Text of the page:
The appointment of judges of the Supreme Court should not, in an ideal world, be subject to any kind of controversy. But in India, where things are far removed from the ideal, there is controversy about the issue. Article 124 of the Constitution states that “Every Judge of the Supreme Court shall be appointed by the President… after consultation with such of the Judges of the Supreme Court and of the High Courts… as the President may deem necessary.’’ The judiciary took this to mean that judges would appoint judges without any interference from either the executive or the legislature. The position was somewhat modified in 1993 when the Supreme Court instituted a collegium system. But this did not take away the right of judges to appoint themselves. This situation was questioned in 1998 by the then president of India, K.R. Narayanan. There has thus been an ongoing attempt to find a different method of appointing judges. The outcome is the judicial appointments commission which the cabinet instituted and has now decided to make into a constitutional body. This process, most right-minded people will agree, should be completed as soon as possible and without friction. Once this happens, there will be greater openness in the way judges are appointed and much less criticism of the judiciary being a self-appointing body.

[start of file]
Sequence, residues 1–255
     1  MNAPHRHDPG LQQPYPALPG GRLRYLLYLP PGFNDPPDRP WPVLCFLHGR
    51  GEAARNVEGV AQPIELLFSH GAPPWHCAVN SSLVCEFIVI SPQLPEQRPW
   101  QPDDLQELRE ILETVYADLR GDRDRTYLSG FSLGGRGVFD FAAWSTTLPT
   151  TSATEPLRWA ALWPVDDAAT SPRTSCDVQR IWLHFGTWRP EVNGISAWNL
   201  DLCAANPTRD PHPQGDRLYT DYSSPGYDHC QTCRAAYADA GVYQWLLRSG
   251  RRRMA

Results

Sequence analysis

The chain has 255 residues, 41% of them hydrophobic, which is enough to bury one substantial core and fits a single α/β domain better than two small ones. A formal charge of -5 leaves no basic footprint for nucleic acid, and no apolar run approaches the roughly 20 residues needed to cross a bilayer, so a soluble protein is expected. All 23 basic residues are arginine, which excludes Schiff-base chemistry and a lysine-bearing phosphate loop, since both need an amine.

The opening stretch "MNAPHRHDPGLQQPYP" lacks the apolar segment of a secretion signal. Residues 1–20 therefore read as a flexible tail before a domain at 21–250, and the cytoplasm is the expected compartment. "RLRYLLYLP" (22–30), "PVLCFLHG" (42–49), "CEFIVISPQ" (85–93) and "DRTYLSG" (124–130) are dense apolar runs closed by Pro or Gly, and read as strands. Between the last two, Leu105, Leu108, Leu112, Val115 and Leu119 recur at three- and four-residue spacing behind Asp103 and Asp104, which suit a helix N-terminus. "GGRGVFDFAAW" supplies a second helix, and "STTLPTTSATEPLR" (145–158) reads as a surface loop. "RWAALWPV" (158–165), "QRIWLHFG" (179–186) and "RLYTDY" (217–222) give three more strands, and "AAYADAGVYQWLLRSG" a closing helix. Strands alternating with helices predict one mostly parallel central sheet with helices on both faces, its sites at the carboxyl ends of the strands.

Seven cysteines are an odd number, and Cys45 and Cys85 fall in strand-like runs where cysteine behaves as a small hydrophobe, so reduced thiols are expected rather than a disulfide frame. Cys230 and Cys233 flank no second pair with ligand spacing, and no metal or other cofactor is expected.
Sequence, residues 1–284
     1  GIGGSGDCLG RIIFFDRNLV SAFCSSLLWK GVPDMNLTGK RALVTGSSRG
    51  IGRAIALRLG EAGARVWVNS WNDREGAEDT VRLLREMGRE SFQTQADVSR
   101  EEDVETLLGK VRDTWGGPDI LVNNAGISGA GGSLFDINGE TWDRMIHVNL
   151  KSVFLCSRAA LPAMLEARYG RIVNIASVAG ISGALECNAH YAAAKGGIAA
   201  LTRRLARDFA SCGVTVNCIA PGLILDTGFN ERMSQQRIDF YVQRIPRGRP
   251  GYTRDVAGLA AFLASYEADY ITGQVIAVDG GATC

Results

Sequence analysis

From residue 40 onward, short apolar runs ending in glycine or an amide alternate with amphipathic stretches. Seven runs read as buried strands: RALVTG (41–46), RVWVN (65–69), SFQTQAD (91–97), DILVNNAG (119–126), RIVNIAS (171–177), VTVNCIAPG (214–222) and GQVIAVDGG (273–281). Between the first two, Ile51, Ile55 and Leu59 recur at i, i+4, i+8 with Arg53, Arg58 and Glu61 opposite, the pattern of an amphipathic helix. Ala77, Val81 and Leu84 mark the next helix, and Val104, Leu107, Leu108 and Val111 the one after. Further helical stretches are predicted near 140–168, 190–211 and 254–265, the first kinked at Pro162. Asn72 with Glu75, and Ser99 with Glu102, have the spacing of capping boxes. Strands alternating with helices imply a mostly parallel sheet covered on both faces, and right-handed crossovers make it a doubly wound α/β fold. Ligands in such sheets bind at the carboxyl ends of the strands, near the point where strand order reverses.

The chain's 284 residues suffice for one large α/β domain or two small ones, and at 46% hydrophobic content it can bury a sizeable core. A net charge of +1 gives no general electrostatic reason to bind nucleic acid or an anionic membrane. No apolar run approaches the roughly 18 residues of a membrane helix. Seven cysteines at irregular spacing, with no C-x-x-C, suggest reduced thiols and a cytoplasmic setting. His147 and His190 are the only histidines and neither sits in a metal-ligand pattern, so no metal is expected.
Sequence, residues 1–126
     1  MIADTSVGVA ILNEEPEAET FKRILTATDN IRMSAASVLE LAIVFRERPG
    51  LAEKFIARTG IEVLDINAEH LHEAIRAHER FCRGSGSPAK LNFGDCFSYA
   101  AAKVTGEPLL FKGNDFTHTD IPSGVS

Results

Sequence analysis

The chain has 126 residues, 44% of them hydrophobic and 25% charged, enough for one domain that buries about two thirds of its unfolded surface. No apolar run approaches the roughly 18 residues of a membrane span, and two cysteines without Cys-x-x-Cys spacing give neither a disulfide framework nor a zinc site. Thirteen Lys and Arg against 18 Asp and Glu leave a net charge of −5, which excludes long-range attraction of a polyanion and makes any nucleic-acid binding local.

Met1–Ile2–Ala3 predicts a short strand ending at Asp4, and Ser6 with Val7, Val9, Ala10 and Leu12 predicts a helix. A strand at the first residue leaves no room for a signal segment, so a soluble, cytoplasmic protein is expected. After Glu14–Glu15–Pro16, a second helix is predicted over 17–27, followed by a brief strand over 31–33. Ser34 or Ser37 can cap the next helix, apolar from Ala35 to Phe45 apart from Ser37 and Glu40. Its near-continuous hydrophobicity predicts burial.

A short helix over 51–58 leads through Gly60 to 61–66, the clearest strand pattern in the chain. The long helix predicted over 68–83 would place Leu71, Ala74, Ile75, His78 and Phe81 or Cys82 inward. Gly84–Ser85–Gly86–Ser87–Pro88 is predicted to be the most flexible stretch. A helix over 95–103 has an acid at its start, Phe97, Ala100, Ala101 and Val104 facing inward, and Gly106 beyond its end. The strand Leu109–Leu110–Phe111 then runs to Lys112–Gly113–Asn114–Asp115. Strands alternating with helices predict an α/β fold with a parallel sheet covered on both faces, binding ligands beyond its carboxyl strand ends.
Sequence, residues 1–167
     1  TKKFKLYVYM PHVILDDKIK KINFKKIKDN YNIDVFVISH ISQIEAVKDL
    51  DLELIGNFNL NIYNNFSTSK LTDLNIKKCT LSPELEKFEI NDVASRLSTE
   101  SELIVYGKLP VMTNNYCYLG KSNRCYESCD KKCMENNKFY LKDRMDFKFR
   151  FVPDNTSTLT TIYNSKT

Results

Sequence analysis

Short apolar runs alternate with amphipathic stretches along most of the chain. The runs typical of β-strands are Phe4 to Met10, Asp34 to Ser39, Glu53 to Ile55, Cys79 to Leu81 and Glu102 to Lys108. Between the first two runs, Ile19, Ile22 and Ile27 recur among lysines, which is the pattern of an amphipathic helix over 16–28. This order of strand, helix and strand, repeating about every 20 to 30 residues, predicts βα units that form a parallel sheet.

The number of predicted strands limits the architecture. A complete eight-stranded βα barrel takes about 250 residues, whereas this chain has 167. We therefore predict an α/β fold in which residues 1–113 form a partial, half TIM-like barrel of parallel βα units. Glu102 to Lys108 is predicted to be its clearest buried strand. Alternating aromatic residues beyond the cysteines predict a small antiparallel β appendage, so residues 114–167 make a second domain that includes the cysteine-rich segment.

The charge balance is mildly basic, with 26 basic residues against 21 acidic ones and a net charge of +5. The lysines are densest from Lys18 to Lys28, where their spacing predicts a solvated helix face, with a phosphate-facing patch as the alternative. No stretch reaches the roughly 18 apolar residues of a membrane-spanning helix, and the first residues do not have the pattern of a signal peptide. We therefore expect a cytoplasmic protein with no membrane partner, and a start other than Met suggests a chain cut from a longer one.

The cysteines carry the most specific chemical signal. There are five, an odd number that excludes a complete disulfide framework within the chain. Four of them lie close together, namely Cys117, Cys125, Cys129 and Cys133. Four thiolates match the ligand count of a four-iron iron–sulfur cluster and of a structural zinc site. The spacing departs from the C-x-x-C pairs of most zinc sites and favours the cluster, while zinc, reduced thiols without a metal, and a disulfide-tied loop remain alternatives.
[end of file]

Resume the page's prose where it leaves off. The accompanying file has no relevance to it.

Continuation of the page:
As befits his position, the chief justice of India will be the head of the JAC. The JAC will consist of the law minister, two of the senior most judges of the Supreme Court, the law secretary and two persons of eminence to be selected by the prime minister, the chief justice of India and leaders of the Opposition in both Houses of Parliament. This structure of membership guarantees that the JAC would have within it enough checks and balances. It is a self-evident truth that in the real world it is impossible to form a selection process that is entirely foolproof. But prima facie the composition of the JAC has struck a nice balance. However, there are doubts of a different kind about the functioning of the JAC. How will this august body, for example, resolve differences when and if they arise? By majority? Or will all decisions be taken through consensus? It is possible that such questions will be answered through practice and some amount of trial and error.